You may recall that last year I was involved with Neil Brand in a recreation of Lowell Thomas’ celebrated multimedia show, With Allenby in Palestine and Lawrence in Arabia, which in 1919-20 did so much to create the romantic idea of Lawrence of Arabia. On the Bioscope the research led to a detailed post on T.E. Lawrence and his life in film.
The show had one barebones presentation at the British Silent Film Festival before it was decided not to take the project any further. But there are those with other ideas, and one of them is Rick Moulton, an American documentary filmmaker with a particular interest in the work of Lowell Thomas and his media presentations. Moulton and Clio History have now produced a website, Lowell Thomas and Lawrence of Arabia: Making a Legend, Creating History.
It’s a handsomely produced site which tells the romantic tales both of T.E. Lawrence and of Lowell Thomas himself, the American journalist who went out to the Middle East in search of a heroic figure to sell the idea of the war to an American audience, and who succeeded in his quest beyond his wildest dreams. Billed as an exhibition, the site covers Thomas as journalist, T.E. Lawrence as a legend on the making, the attack on Akaba, Lawrence at the Paris Peace conference in 1919, the success of the 1919-20 show, Lawrence at the Cairo conference (where the Middle East was carved up and parceled out), the 1962 David Lean film, and the legacies of both Lawrence and Thomas. The site has just the one video clip and some audio, but it is rich in images and supporting documents, and each section of the site has several sub-pages – there is plenty to explore in what is a site created in the spirit of Lowell Thomas himself.
Lowell Thomas ready to film the pyramids from the air (a hand-coloured photograph from the time)
Lowell Thomas (1892-1981) was an American journalist who gained nationwide fame as a Movietone newsreel commentator, as co-founder of Cinerama, and as a radio and television broadcaster. He started out as a print journalist and adventurer, and it was a mixture of personal experience and drive that in 1917 got Thomas a commission to seek out material that would demonstrate to the American people why it was important to support the First World War. He found little of what he felt to be suitable material on the Western Front, so with British official support he went to the Middle East, where Jerusalem was expected to fall to British troops under General Edmund Allenby.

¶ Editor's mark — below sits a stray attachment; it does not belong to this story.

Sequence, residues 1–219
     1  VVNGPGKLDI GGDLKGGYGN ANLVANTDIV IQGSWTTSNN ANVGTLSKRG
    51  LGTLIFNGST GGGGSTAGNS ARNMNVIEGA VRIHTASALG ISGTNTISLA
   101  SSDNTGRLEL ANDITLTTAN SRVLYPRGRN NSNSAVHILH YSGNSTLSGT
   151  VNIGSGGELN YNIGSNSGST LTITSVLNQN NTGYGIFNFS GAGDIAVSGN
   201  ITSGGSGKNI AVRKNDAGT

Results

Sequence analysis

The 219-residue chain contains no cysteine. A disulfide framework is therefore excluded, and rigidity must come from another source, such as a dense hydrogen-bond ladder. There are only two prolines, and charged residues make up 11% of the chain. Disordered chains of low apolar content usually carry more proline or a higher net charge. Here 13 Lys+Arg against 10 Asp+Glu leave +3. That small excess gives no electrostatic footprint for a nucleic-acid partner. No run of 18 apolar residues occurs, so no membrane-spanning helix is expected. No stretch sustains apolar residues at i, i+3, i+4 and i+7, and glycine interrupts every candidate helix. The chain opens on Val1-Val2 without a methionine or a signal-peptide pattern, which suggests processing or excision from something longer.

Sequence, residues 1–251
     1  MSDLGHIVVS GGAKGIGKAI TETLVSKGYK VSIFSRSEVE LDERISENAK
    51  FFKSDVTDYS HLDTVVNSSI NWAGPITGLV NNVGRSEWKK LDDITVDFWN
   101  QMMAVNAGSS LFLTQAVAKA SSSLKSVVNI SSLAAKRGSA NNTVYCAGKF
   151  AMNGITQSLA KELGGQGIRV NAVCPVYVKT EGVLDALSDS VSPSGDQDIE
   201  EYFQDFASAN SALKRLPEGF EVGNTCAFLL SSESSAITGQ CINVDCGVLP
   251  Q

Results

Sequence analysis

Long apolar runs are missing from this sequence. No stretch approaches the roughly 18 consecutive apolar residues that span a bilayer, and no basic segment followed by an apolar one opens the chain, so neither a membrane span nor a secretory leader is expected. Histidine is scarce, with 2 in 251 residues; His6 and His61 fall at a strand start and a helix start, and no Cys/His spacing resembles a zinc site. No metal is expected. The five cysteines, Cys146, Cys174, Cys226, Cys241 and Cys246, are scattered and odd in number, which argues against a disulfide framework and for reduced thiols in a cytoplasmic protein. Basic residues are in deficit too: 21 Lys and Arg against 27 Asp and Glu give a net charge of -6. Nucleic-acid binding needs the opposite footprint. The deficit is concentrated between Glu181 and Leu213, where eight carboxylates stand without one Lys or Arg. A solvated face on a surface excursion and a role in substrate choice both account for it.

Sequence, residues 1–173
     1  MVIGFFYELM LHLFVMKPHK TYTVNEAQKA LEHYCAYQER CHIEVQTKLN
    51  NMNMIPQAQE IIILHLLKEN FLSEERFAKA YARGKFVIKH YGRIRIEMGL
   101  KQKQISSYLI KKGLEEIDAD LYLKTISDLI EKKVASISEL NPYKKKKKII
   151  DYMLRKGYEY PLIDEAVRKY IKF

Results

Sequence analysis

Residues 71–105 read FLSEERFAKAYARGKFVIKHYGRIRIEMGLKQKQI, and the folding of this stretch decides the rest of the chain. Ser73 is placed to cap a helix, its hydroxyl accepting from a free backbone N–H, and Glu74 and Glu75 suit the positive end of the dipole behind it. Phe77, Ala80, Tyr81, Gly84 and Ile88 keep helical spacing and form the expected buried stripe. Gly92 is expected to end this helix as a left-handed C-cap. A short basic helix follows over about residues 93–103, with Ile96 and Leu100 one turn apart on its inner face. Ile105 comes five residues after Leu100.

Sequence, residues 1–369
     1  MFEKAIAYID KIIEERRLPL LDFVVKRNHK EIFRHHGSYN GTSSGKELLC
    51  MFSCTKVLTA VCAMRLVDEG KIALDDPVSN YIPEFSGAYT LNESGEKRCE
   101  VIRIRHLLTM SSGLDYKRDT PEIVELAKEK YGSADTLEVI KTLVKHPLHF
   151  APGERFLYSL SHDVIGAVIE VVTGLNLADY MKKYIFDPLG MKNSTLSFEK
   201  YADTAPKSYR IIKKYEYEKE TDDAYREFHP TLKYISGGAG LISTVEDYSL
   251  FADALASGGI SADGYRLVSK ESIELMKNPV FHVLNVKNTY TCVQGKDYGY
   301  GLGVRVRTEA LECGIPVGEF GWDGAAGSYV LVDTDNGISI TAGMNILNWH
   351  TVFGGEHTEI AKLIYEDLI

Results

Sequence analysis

It was when he was in Jersualem (which fell to Allenby in December 1917) that Thomas came across the extraordinary figure of Colonel T.E. Lawrence, a British officer who was helping encourage an Arab revolt by all manner of unconventional means, including the wearing of Arab clothing. Thomas and his camera operator Harry Chase followed Lawrence for just a couple of days, taking both photographs and motion pictures. By this time, the purpose of Thomas’ expedition was really redundant, since there was no need to sell the idea of the war to American audiences any more, but once the war was over he organised his material into a form in which he could sell it as public entertainment.
Lowell Thomas (to the left of the screen) presenting With Allenby in Palestine and Lawrence in Arabia to a London audience
Thomas originally presented an amalgam of all his war material in New York in March 1919, where he found audiences responded most strongly to the Middle Eastern material. He moved to Britain with a show that was originally called With Allenby in Plaestine, including the Capture of Jerusalem and the Liberation of Holy Arabia. It was a truly multimedia show which Thomas billed as a ‘travelogue’ and presented himself (with Chase as projectionist). It combined live narration with music, lighting, lantern slides and film in a highly complex but slick presentation. Allenby was the great military hero, but it was the story of the incomparably romantic T.E. Lawrence, or Lawrence of Arabia as Thomas dubbed him, that captured the public imagination. Lawrence and Chase had spent little time with Lawrence himself, and had little substantial material to show (just a couple of film sequences taken by Chase showed Lawrence), but it was how Thomas told the tale that made the legend.